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In order to achieve the highest grades in your assignments, it is important to understand what the question is asking you to do. By looking specifically at key words and phrases, you will gain a clearer understanding of the focus of the question, which will help you to identify required research and to plan and structure your response appropriately.
Use these headings to break down your assignment question into the following categories:
|Critically discuss the effect that entry into the European Union has had on the sovereignty of the UK Parliament.|
Firstly you will need to ensure that you understand what is required of you. The directive words will give you an idea of how you need to approach your piece of writing. Use the table overleaf to find definitions of some of the directive words you might find in your assignment questions.
You will also need to identify the topic areas of your assignment as outlined in the question. Use the following resources to collect relevant information. Remember that you will need to consider the topic area with reference to the required approach as identified by the directive words:
Finally, you will need to identify the limiting words and any other limiting factors as outlined by the assignment criteria. This will help you to plan and structure your work, and to organise your time effectively. If you are unsure about any of the information provided in the assignment criteria, then consult your module handbook, or module leader.
|Analyse||Break up into parts; investigate|
|Comment on||Identify and write about the main issues; give your reactions based on what you’ve read/heard in lectures. Avoid just personal opinion.|
|Compare||Look for the similarities between two things. Show the relevance or consequences of these similarities concluding which is preferable.|
|Contrast||Identify the differences between two items or arguments. Show whether the differences are significant. Perhaps give reasons why one is preferable.|
|Criticise||Requires an answer that points out mistakes or weaknesses, and which also indicates any favourable aspects of the subject of the question. It requires a balanced answer.|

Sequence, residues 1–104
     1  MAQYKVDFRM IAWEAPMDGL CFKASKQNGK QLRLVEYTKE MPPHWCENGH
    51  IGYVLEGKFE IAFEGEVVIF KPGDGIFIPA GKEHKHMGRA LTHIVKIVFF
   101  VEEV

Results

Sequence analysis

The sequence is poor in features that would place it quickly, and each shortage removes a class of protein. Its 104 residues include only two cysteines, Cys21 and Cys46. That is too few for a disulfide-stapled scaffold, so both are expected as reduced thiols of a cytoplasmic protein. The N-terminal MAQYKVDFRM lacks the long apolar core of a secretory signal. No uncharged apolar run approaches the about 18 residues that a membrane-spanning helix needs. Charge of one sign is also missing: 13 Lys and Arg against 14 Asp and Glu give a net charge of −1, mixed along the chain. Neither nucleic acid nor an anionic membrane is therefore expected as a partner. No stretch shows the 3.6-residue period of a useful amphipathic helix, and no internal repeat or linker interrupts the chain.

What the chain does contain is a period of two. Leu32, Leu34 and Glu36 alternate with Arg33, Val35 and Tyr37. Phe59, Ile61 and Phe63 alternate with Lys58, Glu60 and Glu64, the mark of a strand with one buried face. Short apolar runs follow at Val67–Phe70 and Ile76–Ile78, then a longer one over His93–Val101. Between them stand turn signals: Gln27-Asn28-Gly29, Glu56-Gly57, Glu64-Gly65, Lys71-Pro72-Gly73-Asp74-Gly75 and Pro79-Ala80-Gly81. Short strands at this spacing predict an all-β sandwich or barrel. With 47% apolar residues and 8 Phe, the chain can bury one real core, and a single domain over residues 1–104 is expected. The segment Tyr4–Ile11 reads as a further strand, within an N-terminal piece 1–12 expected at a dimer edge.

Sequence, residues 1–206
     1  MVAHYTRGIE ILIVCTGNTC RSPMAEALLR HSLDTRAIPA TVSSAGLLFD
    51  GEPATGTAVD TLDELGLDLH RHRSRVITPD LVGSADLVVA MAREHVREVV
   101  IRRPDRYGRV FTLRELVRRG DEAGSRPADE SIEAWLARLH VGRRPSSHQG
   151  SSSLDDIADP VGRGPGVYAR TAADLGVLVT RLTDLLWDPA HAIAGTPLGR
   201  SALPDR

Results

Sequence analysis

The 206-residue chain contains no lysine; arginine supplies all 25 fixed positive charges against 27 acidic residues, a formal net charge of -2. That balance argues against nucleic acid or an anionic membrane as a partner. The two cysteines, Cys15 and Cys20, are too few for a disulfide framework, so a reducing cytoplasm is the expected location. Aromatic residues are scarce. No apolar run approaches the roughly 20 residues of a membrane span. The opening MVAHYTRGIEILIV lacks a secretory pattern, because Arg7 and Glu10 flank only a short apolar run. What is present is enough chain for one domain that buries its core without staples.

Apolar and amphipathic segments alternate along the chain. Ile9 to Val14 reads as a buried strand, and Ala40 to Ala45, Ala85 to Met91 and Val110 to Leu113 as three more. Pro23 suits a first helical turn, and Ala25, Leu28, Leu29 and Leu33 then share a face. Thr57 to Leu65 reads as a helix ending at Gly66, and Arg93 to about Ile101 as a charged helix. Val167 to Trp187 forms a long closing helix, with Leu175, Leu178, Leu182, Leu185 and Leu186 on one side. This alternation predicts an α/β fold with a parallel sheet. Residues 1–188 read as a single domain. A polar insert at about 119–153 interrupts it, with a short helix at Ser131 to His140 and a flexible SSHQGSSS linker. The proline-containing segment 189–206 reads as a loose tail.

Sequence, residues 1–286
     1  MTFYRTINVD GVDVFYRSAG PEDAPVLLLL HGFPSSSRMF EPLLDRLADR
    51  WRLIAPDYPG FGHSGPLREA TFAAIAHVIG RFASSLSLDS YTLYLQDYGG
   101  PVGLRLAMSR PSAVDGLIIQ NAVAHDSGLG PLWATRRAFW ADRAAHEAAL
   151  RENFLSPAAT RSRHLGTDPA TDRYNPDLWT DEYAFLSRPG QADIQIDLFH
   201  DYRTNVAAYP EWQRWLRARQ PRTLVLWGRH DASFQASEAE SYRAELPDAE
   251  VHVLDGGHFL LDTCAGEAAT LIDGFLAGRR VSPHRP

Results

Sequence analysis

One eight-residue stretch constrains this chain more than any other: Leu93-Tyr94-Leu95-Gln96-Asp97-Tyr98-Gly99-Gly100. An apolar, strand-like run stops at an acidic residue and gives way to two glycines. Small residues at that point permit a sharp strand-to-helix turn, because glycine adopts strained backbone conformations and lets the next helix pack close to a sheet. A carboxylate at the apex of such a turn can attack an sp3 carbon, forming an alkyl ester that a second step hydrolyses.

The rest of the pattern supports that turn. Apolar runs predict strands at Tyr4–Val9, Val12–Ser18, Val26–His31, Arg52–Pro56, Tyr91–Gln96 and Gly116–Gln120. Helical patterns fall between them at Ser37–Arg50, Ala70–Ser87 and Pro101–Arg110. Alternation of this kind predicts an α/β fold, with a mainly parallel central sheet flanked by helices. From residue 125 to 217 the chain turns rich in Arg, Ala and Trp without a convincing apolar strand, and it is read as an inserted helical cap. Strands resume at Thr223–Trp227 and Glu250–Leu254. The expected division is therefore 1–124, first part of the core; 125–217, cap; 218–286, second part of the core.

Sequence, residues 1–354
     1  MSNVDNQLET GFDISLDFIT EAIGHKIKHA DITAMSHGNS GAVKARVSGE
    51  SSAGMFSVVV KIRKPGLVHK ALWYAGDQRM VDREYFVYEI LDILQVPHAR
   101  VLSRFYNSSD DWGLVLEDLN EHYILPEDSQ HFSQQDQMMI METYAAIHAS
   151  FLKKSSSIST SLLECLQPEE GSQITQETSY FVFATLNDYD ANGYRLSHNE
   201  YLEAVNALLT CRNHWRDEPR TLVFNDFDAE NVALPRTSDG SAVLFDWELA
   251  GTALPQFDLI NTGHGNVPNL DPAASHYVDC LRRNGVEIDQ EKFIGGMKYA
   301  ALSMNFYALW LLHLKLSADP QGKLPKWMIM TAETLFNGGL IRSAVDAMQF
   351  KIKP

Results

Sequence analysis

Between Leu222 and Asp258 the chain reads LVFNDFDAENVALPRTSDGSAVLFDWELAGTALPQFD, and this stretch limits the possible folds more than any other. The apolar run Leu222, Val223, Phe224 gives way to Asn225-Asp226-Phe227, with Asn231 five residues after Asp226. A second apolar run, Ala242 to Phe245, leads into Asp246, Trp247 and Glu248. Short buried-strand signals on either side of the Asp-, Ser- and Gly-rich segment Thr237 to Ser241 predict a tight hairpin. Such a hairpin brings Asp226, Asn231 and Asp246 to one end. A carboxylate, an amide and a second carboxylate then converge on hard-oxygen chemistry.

|Critically evaluate||Weigh arguments for and against something, assessing the strength of the evidence on both sides. Use criteria to guide your assessment of which opinions, theories, models or items are preferable.|
|Define||Give the exact meaning of. Where relevant, show you understand how the definition may be problematic.|
|Describe||Give the exact meaning of. Where relevant, show you understand how the definition may be problematic.|
|Discuss||Investigate or examine by argument; sift and debate; give reasons for and against; examine the implications.|
|Evaluate||Assess and give your judgement about the merit, importance or usefulness of something using evidence to support your argument|
|Examine||Look closely into something.|
|Explain||Make clear why something happens, or is the way it is; interpret and account for; give reasons for.|
|Explore||Examine thoroughly; consider from a variety of viewpoints.|
|Illustrate||Make something clear and explicit, giving examples of evidence.|
|Justify||Give evidence which supports an argument or idea; show why a decision or conclusions were made.|
|Outline||Give the main points/features/general principles; show the main structure and interrelations; omit details and examples.|
|State||Give the main features briefly and clearly.|
|Summarise||Draw out the main points only; omit details and examples.|
|To what extent…||Consider how far something is true, or contributes to a final outcome. Consider also ways in which it is not true.|
(Adapted from a table as published by London Metropolitan University)
Students often fail to follow the directive words and therefore do not fulfil the criteria of the question
Now you’ve read the guide, we suggest that you have a go at the Approaching the Question worksheet.
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